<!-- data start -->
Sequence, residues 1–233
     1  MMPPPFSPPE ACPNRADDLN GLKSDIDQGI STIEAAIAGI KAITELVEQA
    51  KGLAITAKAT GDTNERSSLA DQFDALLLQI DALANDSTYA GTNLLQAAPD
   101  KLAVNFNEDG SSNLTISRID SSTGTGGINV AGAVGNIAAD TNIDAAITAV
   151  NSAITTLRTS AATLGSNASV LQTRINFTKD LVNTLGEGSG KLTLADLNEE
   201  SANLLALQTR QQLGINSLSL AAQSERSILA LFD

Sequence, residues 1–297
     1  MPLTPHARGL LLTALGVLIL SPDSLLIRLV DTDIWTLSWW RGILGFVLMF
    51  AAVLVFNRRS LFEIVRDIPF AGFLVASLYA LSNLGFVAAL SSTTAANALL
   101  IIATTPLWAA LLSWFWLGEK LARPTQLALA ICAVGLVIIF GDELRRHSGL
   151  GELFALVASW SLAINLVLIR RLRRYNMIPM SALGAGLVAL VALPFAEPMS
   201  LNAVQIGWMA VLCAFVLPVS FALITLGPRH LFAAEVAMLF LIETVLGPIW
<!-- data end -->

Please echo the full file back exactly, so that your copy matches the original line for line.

Sequence, residues 1–233
     1  MMPPPFSPPE ACPNRADDLN GLKSDIDQGI STIEAAIAGI KAITELVEQA
    51  KGLAITAKAT GDTNERSSLA DQFDALLLQI DALANDSTYA GTNLLQAAPD
   101  KLAVNFNEDG SSNLTISRID SSTGTGGINV AGAVGNIAAD TNIDAAITAV
   151  NSAITTLRTS AATLGSNASV LQTRINFTKD LVNTLGEGSG KLTLADLNEE
   201  SANLLALQTR QQLGINSLSL AAQSERSILA LFD

Sequence, residues 1–297
     1  MPLTPHARGL LLTALGVLIL SPDSLLIRLV DTDIWTLSWW RGILGFVLMF
    51  AAVLVFNRRS LFEIVRDIPF AGFLVASLYA LSNLGFVAAL SSTTAANALL
   101  IIATTPLWAA LLSWFWLGEK LARPTQLALA ICAVGLVIIF GDELRRHSGL
   151  GELFALVASW SLAINLVLIR RLRRYNMIPM SALGAGLVAL VALPFAEPMS
   201  LNAVQIGWMA VLCAFVLPVS FALITLGPRH LFAAEVAMLF LIETVLGPIW